assimilation

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assimilation

[ə‚sim·ə′lā·shən]
(geology)
Incorporation of solid or fluid material that was originally in the rock wall into a magma.
(physiology)
The conversion of nutritive materials into protoplasm.

assimilation

(especially in race relations) the process in which a minority group adopts the values and patterns of behaviour of a majority group or host culture, ultimately becoming absorbed by the majority group (compare ACCOMMODATION). The process can involve changes for both the majority and the minority groups. It may prove more difficult to accomplish where visible signs (e.g. clear-cut distinctions of‘colour’) form the basis of the original division (e.g. in the US ‘melting pot’, the assimilation of black minority groups).

Assimilation

 

in physiology, the living organism’s utilization of food for the expenditure of energy and for restorative body functions. Complex food substances are assimilated after being broken down into simple compounds by the digestive enzymes. The effective degree of assimilation is determined by the difference between the body’s alimentary intake of proteins, fats, and carbohydrates and the end products resulting from their breakdown. The important factor in assimilation is not the absolute degree of digestibility but the rate at which food substances are digested, which may limit subsequent absorption.

The degree of assimilation depends on the nutritional regimen, food content, method of culinary preparation, and gastrointestinal tract functioning. The capacity to assimilate is lowered when the nutritional regimen is disrupted or when the stomach is overloaded with large quantities of food. Animal food products are assimilated more completely than vegetable products. The human body assimilates 92 to 96 percent of the proteins of animal origin, 46 to 70 percent of those from vegetables, 98 percent of the carbohydrates, and 95 percent of the fats ingested. The physiological value of food is largely determined by its assimilability, which must be taken into account in establishing nutritional norms. Unassimilable food substances, and especially cellulose, play an essential part in the movements of the intestine.

REFERENCES

McDonald, P., R. Edwards, and D. Greenhalge. Pitanie zhivotnykh. Moscow, 1970. (Translated from English.)
Fiziologiia pishchevareniia. Leningrad, 1974. (Manual of physiology.)
Chernikov, M. P. Proteoliz i biologicheskaia tsennost’ belkov. Moscow, 1975.
Handbook of Physiology, vol. 1, sec. 6: Alimentary Canal. Washington, 1967.
Intestinal Absorption and Malabsorption. Basel-New York, 1968.

G. M. ROSHCHINA and A. M. UGOLEV

References in periodicals archive ?
Most of the observations being assimilated are in a northwest-to-southeast strip through the center of the domain (Figure 2), and since the entire 1 km domain is 188 km across, the time for air affected by the TAMDAR observations to be advected out of the domain will be somewhat limited.
The assimilated shape was the least prevalent in our study and also in most studies reported in the literature, including Thai, Turkish and South Indian populations (Tuli et al.; Kositbowornchai et al.; Jansisyanont et al.; Murlimanju et al.; Shenoy et al.; Lavanya Varma & Sammer; Sekerci & Sisman) (Table I).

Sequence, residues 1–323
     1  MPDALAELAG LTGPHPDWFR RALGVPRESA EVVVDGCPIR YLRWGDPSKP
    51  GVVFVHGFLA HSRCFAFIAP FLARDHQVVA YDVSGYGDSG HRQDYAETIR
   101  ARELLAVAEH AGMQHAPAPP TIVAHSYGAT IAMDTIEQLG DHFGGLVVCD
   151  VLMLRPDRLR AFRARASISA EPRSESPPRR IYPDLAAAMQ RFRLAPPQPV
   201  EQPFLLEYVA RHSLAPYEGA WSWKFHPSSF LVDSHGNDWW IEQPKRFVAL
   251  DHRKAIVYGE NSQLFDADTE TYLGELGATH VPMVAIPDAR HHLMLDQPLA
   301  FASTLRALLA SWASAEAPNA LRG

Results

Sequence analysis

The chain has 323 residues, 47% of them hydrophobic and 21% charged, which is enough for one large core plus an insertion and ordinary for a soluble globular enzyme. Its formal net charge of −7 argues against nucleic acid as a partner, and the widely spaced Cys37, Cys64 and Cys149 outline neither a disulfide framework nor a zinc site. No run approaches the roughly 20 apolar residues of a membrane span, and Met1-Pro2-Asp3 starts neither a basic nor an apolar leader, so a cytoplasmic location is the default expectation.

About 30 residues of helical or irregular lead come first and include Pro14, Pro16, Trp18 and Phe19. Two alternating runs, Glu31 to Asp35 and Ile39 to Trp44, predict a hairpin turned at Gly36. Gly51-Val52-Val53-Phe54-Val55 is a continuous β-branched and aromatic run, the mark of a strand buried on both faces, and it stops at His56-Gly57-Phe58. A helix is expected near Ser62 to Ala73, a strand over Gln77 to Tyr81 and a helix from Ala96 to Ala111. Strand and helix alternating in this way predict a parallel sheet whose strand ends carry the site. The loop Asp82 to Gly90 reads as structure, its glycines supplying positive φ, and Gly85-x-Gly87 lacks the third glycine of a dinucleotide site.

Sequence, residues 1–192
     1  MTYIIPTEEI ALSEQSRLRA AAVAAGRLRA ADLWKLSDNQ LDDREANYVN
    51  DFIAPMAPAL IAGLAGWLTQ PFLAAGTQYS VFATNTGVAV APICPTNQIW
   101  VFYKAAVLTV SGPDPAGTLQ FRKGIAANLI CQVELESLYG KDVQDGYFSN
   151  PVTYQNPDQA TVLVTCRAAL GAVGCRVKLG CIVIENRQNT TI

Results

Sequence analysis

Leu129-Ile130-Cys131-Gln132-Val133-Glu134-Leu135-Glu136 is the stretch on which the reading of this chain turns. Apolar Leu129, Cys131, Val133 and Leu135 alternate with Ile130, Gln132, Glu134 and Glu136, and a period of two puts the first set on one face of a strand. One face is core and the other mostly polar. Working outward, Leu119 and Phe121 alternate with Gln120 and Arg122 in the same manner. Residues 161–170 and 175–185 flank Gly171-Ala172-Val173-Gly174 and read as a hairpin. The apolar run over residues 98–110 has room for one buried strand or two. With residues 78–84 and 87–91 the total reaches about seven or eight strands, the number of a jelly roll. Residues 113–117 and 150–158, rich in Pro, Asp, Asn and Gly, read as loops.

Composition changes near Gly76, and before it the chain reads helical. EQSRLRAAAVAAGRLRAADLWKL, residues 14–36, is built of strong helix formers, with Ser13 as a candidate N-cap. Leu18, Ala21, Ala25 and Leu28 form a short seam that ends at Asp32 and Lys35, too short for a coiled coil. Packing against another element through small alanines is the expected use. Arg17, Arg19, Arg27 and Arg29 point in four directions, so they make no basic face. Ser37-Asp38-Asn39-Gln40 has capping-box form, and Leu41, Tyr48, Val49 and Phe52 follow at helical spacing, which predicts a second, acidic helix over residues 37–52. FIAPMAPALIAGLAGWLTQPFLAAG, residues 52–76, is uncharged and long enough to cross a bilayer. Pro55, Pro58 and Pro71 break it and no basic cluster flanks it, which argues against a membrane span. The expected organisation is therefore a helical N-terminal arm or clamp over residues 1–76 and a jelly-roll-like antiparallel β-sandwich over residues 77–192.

Even when obtained from lean food sources, the problem with excess protein consumption is that the surplus cannot be stored or assimilated. It is oxidized and used for energy, converted to fat, or excreted.
While such a movement may be difficult to explain from a picture of a strictly assimilated German Jewry, it becomes far less surprising in view of Mendes-Flohr's more contoured analysis of the German-Jewish encounter as an "inner Jewish dialogue." Already in 1916, with the publication of Martin Buber's journal Der Jude, many German Jews entered a new phase in the dialectical encounter with German culture.
The respiratory losses of [sup.14]C [CO.sub.2] after 7 and 35 days were calculated as the difference between total recoveries of assimilated [sup.14]C after these periods and the recoveries after 4 h.
According to the professional groups, the basic and allied engineering professions assimilated the largest number of expatriate workers till the end of June 2015.
In his earlier paintings and murals, the Berlin artist, born in 1966, had already assimilated the Pop aesthetic: Sports-car chassis and electronic gadgets or rumpled jeans and hands with painted fingernails were combined with citations from art of the last forty years--a few streaks of color a la Morris Louis here, cool graphics reminiscent of James Rosenquist there, all delicately layered.
Yancey draws from the work of Milton Gordon and his theorizations of structural, marital, civic, and identificational assimilation to explore how readily minority groups can become assimilated into the dominant society, identify with majority group status, and adopt social attitudes that benefit dominant group members.
The underlying assumption of the government of this period was that the American Indians were to be assimilated into the American culture of individual property, agrarian production and Christianity.
Muslims, on the other hand, are far less likely to be assimilated. The Koran and the Bible are worlds (and civilizations) apart.
Instead, farm people assimilated these technologies into existing social patterns, which expanded to some extent" (p.
Orestes Brownson, in an 1884 essay titled "Native Americanism," wrote that the Irish and all other immigrants "must ultimately lose their own nationality and become assimilated in general character to the Anglo-American race." A convert, he insisted that a person could be both a good American and a good Catholic.